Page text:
After the September 14 drone attacks on two major oilfields in Saudi Arabia, the US President instantly got a “clue” to identify the “culprit” while Secretary of State Mike Pompeo wasted no time to accuse Iran of an “unprecedented attack on the world’s energy supply”.
The following Monday, Tehran spurned the “speculation” that Iranian President Hassan Rouhani is likely to meet Trump during the annual UN session. Trump also rebuffed Pompeo’s prior avowal that he may meet Rouhani at the UNGA with “no preconditions”.
With the latest developments, French President Macron’s diplomatic coup at the G7 Summit — of brokering a potential meeting between the two presidents — has sunk in the Arabian Sea and the roadmap of diplomacy that was “sort of been set” has nearly been washed out.
Trump’s veiled and Pompeo’s blunt allegations on Iran appear to raise the spectre of a US military response that would escalate tensions in the Persian Gulf. But as there is no “definite” evidence about Iran’s involvement, Trump’s craving to avoid and simultaneous preparedness for war is confusing and tips inoperable rhetoric.
The US has threatened to wage a war on Tehran but realistically, Iranians have already been in a state of war due to US economic sanctions, particularly after Trump disavowed from the Iran nuclear deal in May 2018. On paper, medicines and medical equipment and supplies are excluded from US sanctions on Iran. But since Iranian financial institutions are barred from transacting with the international world, ailing people in Iran are essentially pushed into the “ring of death”.
Parsian Bank, the vital conduit for humanitarian trade, was one of the Iranian banks that survived Obama’s sanctions. In October 2018, the US sanctioned the bank, locking up the odd ray of hope for Iranians.
While pharmaceutical companies producing life-saving drugs are largely located in Europe or the US, they vacillate to sell critical medical supplies to Iran fearing the Treasury Department might find some technical or administrative loopholes to punish them for dealing with Iran.
Although France, Germany, and the UK launched a barter system, known as INSTEX, to bypass US banking system and facilitate transactions with Iran, the swap structure could provide limited support for food and medicine due to the “maximum pressure” campaign by the US to reduce Iran’s crude exports to zero.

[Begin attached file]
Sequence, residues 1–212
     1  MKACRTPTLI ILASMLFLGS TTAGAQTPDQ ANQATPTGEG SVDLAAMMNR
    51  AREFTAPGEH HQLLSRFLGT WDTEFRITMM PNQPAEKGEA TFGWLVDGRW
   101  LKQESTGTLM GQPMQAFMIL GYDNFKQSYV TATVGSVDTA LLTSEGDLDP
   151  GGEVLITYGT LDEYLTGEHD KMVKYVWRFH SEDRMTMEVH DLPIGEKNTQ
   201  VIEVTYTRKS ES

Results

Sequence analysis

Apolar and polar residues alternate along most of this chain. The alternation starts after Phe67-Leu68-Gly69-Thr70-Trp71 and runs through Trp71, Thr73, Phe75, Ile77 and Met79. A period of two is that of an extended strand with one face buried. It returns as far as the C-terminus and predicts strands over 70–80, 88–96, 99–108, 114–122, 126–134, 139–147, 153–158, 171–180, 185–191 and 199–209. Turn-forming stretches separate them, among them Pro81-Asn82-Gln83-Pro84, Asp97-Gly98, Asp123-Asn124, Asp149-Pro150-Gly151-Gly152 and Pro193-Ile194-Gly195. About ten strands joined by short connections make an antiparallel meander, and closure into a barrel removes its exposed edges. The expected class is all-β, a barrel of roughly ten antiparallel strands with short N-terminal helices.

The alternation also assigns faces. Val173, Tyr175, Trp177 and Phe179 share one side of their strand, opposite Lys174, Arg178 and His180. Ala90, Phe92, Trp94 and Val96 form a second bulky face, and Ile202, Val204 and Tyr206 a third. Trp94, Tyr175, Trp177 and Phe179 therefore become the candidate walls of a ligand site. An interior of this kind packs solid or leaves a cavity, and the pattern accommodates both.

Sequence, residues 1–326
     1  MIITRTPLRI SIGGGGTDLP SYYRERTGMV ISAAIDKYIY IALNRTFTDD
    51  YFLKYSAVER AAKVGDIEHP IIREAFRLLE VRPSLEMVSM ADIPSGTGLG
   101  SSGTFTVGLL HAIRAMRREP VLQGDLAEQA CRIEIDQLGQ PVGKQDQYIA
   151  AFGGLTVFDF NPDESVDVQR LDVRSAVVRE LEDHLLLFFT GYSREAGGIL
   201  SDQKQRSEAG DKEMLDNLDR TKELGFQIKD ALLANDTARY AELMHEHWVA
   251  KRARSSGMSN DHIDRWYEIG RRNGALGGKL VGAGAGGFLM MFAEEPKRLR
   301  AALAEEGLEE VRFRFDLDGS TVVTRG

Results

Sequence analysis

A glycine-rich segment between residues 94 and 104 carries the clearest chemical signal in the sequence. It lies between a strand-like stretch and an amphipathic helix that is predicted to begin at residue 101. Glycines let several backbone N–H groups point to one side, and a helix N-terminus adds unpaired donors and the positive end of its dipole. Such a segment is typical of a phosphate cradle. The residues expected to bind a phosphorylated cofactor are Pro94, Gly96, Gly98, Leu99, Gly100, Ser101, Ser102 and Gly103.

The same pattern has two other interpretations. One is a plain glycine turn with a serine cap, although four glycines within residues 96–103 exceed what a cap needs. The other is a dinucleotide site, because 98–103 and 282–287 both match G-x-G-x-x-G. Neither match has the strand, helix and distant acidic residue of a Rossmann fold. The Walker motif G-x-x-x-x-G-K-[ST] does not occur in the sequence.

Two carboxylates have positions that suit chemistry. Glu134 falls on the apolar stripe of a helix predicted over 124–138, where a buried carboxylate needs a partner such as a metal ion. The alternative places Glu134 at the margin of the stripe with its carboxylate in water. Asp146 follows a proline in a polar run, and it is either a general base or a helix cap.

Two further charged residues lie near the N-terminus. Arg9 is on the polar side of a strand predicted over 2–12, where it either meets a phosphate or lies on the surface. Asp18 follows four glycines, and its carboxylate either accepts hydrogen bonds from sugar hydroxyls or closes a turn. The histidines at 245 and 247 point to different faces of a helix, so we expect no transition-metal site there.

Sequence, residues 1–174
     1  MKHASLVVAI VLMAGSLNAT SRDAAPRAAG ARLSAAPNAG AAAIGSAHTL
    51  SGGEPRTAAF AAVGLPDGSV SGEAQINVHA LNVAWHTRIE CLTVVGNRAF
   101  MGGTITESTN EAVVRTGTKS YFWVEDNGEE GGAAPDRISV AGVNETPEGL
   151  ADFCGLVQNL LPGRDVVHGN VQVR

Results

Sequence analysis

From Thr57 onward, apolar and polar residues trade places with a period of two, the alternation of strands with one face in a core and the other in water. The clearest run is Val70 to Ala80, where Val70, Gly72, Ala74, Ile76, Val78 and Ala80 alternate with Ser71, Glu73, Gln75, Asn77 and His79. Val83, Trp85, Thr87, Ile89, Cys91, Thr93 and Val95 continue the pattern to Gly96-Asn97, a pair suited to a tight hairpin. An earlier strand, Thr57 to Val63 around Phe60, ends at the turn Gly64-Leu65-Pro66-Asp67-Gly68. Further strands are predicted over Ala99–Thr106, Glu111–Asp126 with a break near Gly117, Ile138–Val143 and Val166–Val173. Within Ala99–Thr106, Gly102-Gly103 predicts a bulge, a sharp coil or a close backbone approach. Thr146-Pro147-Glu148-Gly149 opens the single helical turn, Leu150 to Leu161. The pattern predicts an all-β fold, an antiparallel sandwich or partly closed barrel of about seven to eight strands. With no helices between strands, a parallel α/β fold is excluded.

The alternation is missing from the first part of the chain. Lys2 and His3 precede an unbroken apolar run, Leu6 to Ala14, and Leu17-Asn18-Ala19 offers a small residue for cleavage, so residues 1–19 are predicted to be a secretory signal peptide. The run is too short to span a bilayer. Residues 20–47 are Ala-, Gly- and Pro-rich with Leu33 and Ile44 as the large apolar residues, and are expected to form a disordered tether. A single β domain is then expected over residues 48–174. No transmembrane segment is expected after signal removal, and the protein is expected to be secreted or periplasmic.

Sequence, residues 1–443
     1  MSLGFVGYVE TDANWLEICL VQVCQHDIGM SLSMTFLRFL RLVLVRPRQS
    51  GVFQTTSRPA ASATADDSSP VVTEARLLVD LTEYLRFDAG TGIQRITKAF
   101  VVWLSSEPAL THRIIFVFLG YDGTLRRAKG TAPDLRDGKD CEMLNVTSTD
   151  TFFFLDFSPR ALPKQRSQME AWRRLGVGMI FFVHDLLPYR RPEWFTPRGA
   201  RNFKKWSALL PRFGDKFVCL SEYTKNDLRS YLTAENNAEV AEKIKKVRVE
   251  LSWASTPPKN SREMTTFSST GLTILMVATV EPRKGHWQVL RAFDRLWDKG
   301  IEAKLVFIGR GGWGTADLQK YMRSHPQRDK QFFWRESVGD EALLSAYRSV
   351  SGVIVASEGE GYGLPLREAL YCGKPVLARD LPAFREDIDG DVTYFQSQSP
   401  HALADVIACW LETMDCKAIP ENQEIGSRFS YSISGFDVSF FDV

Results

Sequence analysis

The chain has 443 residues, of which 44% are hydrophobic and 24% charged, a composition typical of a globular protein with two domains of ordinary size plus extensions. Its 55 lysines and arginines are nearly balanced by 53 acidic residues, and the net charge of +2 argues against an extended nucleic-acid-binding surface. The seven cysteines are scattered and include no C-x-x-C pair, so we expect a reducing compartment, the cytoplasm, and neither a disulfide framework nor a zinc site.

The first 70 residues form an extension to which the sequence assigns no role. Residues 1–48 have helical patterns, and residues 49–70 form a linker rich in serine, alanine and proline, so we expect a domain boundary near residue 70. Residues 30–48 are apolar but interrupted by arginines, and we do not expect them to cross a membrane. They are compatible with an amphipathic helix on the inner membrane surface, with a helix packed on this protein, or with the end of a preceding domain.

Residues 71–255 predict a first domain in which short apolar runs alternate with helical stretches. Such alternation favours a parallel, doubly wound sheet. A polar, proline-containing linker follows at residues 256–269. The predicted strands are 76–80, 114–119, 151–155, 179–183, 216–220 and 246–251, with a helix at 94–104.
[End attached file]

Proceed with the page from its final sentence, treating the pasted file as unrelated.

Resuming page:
As the Iranian economy is heavily reliant on crude exports, the US sanctions have severely impacted its economy and fuelled people’s miseries. As a result, Iran’s crude exports have declined 77% since last year while inflation of more than 40% has radically increased foodstuff prices. The sanctions have allowed the US to inflate its crude oil exports by 60% in just over a year. When Trump withdrew from the nuclear deal in May 2018, US crude exports were just over 2 million bpd. But once he reinstated sanctions on Iran and vouched to decimate its crude exports, US oil exports climbed to about 3.2 million bpd by July. Much of US crude was exported to buyers of Iranian oil. Nearly all major buyers such as China, India, Japan, and South Korea now import from the US. While crude oil accounted for 72% of Europe’s total energy imports in 2018, sanctions helped the US ratchet up its oil exports to European nations.
The “maximum pressure” campaign is inflicting havoc on Iran’s economy. IMF estimates that the Iranian economy contracted 3.9% in 2018 after a growth of 3.7%, and 12.5% in 2017 and 2016 respectively, and is likely to further shrink by 6% this year.
The US crusade on Iran would further press Tehran to retrench its public spending, narrowing the government’s ability to fund health and education for its public. This would mean an increased human toll resulting from American economic sanctions on Iran.